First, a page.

The roll-out of the Covid-19 vaccination began yesterday, following the taking of the jabs by the first and second families on Monday.
Yesterday, former President John Dramani Mahama, the Speaker of Parliament and the Chief Justice, among other prominent members of the country, also took their jabs.
However, civil society organisation Centre for Policy Development believes to get the majority of the masses to accept the vaccine, community leaders, including assembly members, unit committee members, must be made to be a part of local level sensitisation, in collaboration with staff of the Information Service Department and the National Commission for Civic Education (NCCE).
In a statement copied to the Daily Statesman, CPD-Ghana noted that there must be a well-planned sensitisation exercise, led by health experts, traditional and religious leaders at the micro level to get the grassroots to accept the virus.
“The media should focus the attention of the discussion by engaging experts rather than politicians to speak on the matter. Religious bodies should continue and enhance the sensitisation of their members,” the statement signed its Executive Director, Yahuza Ishmael, said.
It added that “identifiable groups, including community NGOs, women groups, youth groups, students’ associations among others must be engaged in the sensitisation of their members.”
Some Ghanaians have expressed scepticism about the vaccine. While some say they have not decided yet as to whether to take or not, others say they would not take it at all. A recent report indicated that health practitioners were nearly attacked by a community in Accra during a health talk exercise in a school. According to the report, residents in the area felt the health practitioners were trying to indoctrinate their children into accepting the Covid-19 vaccine.
Some people on social media have also alleged that Covid-19 vaccines have been developed to reduce the country’s population. Others claim the vaccine causes genetic mutation and affect one’s sperms, while others say it is the mark of ‘666’. Some say the vaccine will alter their DNA, while others believe it will embed a tracking device in their body.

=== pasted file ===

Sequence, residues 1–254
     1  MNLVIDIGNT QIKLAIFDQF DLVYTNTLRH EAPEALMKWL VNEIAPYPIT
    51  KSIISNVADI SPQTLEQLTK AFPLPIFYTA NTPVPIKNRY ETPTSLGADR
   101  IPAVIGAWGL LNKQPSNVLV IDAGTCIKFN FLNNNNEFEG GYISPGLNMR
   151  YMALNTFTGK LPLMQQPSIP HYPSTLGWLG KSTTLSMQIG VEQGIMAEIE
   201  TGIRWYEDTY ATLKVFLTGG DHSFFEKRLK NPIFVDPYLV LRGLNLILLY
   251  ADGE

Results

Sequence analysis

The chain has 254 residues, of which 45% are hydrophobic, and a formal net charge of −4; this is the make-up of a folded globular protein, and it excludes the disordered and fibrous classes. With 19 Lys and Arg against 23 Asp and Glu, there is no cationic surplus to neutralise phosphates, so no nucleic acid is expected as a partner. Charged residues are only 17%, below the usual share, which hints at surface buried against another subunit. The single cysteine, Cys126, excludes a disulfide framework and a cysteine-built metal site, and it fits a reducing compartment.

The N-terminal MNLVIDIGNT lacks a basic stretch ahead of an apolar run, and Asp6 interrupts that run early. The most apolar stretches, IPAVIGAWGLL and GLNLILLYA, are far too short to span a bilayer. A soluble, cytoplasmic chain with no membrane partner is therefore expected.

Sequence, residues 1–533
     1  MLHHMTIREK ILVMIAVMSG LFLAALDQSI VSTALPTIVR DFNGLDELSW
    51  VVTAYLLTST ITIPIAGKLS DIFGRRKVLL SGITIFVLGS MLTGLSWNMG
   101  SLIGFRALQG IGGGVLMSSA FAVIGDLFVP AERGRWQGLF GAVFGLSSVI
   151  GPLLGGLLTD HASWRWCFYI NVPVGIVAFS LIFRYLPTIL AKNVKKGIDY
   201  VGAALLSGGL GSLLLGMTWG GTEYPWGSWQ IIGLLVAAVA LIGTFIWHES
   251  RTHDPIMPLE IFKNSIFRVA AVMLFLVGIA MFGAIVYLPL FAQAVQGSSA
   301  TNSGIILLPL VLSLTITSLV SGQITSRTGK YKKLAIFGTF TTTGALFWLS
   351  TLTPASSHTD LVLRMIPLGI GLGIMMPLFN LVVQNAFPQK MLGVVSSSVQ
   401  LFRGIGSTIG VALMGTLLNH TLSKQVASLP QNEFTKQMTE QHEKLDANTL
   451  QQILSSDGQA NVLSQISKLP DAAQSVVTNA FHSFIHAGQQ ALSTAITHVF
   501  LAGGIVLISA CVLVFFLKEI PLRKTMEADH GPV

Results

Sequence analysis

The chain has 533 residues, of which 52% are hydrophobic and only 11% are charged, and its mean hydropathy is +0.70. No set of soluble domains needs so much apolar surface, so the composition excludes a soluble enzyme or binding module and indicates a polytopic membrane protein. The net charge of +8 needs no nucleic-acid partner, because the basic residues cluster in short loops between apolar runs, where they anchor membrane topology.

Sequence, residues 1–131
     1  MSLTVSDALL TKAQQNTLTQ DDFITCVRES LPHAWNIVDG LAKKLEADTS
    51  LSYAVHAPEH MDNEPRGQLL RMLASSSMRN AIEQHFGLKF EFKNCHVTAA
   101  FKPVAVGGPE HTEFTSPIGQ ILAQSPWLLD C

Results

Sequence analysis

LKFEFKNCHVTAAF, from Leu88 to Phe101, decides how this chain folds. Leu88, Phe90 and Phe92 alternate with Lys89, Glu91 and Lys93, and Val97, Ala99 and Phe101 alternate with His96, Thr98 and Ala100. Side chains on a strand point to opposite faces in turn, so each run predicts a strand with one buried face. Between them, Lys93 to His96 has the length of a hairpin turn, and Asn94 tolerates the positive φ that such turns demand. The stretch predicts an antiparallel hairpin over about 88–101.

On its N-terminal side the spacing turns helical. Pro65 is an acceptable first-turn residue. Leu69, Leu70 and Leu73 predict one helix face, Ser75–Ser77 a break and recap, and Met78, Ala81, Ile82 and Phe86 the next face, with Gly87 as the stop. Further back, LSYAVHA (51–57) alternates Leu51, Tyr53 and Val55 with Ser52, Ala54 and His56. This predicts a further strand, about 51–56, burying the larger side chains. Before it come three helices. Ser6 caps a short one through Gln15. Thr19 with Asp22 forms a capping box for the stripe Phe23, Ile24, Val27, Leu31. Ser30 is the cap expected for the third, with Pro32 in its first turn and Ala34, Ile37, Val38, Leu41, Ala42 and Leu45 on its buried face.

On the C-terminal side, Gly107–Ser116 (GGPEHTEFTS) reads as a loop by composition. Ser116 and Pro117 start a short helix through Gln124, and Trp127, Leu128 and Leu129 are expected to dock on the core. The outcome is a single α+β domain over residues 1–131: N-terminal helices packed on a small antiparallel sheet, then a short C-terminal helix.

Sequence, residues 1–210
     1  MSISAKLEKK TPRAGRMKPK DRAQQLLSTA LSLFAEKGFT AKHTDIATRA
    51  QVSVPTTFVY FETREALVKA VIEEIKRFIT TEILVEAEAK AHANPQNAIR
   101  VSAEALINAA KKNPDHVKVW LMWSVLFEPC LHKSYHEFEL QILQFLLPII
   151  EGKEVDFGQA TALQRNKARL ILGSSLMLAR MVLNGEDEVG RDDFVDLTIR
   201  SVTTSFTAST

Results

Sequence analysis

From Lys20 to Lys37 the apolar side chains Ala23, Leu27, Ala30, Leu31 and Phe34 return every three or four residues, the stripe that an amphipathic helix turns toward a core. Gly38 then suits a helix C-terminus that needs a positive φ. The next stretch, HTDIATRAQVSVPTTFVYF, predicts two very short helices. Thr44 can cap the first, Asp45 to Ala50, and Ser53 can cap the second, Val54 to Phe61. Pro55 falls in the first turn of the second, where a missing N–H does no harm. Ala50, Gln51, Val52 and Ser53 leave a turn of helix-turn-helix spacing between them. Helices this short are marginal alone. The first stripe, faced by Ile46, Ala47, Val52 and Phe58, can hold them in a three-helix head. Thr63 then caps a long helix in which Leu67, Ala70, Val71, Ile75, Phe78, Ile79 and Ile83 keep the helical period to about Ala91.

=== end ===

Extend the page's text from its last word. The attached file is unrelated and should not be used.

President Akufo-Addo has said that, contrary to what is being put out, the vaccine will help protect Ghanaians against the impact of COVID-19. “It is also a major catalyst to restoring livelihoods and the national economy to the robust level it belongs,” the President has said, and encouraged everyone to avail him or herself of the opportunity to be vaccinated.
Meanwhile, CPD-Ghana has reiterated the caution by health experts concerning the safety protocols, announced by the WHO and the Ghana Health Service (GHS). According to CPD, the protocols still remain the surest means to reduce the spread.
“We cannot let our guard down until we are out of the woods. Experts say the more people get infected, the more the chances for a mutation of the virus to occur which means that the virus has a lesser chance to mutate when there is limitation in its spread.
“Ghanaians must continue to wear the nose masks when going out of the house, ensure social distancing in public places such as markets, workplaces, schools etc by staying at least six-feet apart, or two arm lengths from other people. Avoiding crowds and poorly ventilated spaces. Wash hands regularly with soap under running water and or use the hand sanitizer frequently. Cleaning and disinfecting all surfaces must be done regularly. We must exercise, eat well, especially Ghana made foods, take enough rest and monitor health regularly. Most importantly, unless it is extremely important to go out, we urge Ghanaians to stay home,” it said.